It's become an Oscar weekend ritual for film glamour to spend Saturday at the beach.
The draw to the Pacific comes from two separate events that take place a hundred yards from each other: the Independent Feature Project/West's Independent Spirit Awards, which fills a massive tent in a Santa Monica shoreline parking lot, and the tea party hosted by the British Academy of Film and Television Arts/Los Angeles at Shutters Hotel.
Though the two events aren't officially linked, proximity, timing and a certain seaside, non-Oscar casualness have made them bedfellows. "It's not so formal," said actress Jennifer Tilly. "There are no heavy beaded gowns. No undergarments pulling you in and pushing you out. And you can wear sunglasses.'
The festivities begin at 11:30 a.m. with the Spirit Awards' pre-show cocktail party. The first sign that the IFP has managed to avoid corporate Hollywood's neo-puritanism is this early serving of alcohol. More than one guest mentioned that "getting slammed before noon" made the Spirit Awards stand out in their memory.
There's also a younger-than-Oscar-night crowd out for the event since the IFP's purpose is to nurture independent filmmakers. As James Woods described the milieu, "This is the nursery for the great forest of Hollywood."
The first lesson these saplings appear to have mastered is schmoozing. It takes multiple announcements and then a gospel choir singing at full volume to get everyone quiet and seated. And this is only temporary. Throughout speeches by John Turturro, Samuel L. Jackson and Spike Lee, a steady stream of guests, including Sean Penn, Robert Duvall and Cameron Diaz slipped outdoors to smoke and chat.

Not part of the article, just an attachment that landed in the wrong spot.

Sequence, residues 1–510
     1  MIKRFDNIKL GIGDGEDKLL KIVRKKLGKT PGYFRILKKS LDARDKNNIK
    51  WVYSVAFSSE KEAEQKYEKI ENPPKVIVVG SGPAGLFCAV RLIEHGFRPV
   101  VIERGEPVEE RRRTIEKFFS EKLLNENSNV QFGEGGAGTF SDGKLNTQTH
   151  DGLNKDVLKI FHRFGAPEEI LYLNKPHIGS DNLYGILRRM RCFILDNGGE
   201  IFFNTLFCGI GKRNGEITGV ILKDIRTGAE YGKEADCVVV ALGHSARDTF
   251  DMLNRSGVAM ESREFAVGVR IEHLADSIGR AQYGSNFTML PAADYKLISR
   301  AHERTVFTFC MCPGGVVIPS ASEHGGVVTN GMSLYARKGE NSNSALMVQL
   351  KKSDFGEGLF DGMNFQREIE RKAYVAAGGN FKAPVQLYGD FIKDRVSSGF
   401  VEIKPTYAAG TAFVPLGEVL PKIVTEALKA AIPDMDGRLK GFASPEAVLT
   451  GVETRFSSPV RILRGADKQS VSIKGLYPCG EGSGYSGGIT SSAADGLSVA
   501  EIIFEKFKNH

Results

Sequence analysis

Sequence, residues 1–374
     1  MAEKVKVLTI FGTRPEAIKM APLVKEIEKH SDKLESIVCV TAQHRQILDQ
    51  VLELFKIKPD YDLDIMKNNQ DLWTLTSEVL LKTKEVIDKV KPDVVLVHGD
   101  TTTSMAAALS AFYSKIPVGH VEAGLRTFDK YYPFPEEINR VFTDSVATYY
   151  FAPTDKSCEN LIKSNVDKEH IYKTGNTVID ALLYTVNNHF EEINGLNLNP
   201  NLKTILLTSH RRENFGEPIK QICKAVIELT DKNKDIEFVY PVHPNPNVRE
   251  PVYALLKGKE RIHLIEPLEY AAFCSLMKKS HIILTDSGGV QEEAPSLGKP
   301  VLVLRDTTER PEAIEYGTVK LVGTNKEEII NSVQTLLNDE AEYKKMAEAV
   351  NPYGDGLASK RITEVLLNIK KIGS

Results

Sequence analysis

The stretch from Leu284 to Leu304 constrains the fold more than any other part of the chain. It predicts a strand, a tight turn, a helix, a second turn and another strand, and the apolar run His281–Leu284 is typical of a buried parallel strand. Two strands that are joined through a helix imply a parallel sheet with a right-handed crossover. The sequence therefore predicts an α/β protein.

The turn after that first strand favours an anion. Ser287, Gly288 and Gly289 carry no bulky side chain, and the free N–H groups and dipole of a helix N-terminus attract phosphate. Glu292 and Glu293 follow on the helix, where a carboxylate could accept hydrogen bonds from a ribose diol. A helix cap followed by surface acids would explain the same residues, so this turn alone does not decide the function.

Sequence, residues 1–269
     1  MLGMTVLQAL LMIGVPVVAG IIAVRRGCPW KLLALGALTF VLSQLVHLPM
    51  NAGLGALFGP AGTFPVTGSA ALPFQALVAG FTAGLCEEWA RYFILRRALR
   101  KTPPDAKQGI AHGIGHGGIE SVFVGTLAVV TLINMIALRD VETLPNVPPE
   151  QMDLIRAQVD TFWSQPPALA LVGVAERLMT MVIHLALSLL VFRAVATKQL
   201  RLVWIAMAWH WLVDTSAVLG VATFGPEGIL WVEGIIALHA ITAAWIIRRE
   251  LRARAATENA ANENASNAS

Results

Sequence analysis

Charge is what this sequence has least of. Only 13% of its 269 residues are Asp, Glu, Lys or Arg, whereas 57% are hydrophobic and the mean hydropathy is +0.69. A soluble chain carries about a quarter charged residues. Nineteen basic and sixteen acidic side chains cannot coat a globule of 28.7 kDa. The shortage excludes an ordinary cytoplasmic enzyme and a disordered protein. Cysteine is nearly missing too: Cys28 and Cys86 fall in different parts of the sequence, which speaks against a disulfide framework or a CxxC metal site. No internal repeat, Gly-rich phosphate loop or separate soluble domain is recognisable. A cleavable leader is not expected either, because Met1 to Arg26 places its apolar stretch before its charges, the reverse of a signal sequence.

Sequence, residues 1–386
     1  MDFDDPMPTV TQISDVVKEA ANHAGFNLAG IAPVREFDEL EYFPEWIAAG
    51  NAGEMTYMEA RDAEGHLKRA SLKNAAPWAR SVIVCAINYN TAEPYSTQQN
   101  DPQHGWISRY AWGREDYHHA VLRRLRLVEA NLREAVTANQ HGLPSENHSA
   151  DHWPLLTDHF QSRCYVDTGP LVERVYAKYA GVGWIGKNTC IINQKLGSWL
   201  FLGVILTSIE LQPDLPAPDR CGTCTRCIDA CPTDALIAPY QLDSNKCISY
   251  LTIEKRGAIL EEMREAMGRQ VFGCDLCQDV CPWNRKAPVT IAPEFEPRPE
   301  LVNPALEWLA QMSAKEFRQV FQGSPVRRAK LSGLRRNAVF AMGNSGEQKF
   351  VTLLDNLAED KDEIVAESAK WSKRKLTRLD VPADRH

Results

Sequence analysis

Another reason for the flow outside are acceptance speeches that ramble on with no fear of interruption. It's amazing how many people can be thanked--seemingly stretching back to grammar school--and so many names remembered. As one of the celebrity presenters said backstage, "Some people just don't know when they're finished."
One reason for the lengthy speeches is that for most of the filmmakers the Spirit Awards are one of the few times they'll receive any recognition for their work. At the cocktail party, Daniel Harris, whose "The Bible and Gun Club" was nominated for best first feature, said the experience made him feel "like I've arrived."
He added, "The smoke and mirrors of Hollywood only last one day. Tomorrow I wake up and I've still got $40,000 in debts from making this film on my credit card."
The presentation of the last Spirit Award segues nicely into the start of BAFTA/LA's tea party. It's only a short walk up the coast to Shutters and, in one studio exec's words, "the patina of the classy British thespian thing."
The British, as would be expected, do things differently. First of all, they're indoors and downstairs, as though March weather is something to be protected against. It's also more subdued than the Spirit Awards. "An oasis of decorum in the midst of chaos," in film critic Leonard Maltin's words.
Since there are no awards here, it's pure schmooze. "A jolly," in one Englishman's words. Tea and crumpets are served, and because the sound system was broken, brief remarks by Roddy McDowall, co-chairwoman Su Lesser and British Consul Paul Diamond were shouted. It's impressive that a theatrical tradition of being able to project into the balcony extends even to the diplomatic service.
The tea's purpose is to honor Oscar nominees, and a few including Helena Bonham Carter, James L. Brooks, Kim Basinger, Atom Egoyan, Robert Forster and Curtis Hanson were seen in the crowded, windowless room that became progressively warmer and more oxygen-deprived. After an hour, the only patina was of perspiration and the crowd began to thin.
"Any kind of event like this is great for an actor," said Peter Fonda, who went to both parties. "Actors get so much rejection in their lives that anything like this where you get some recognition is wonderful."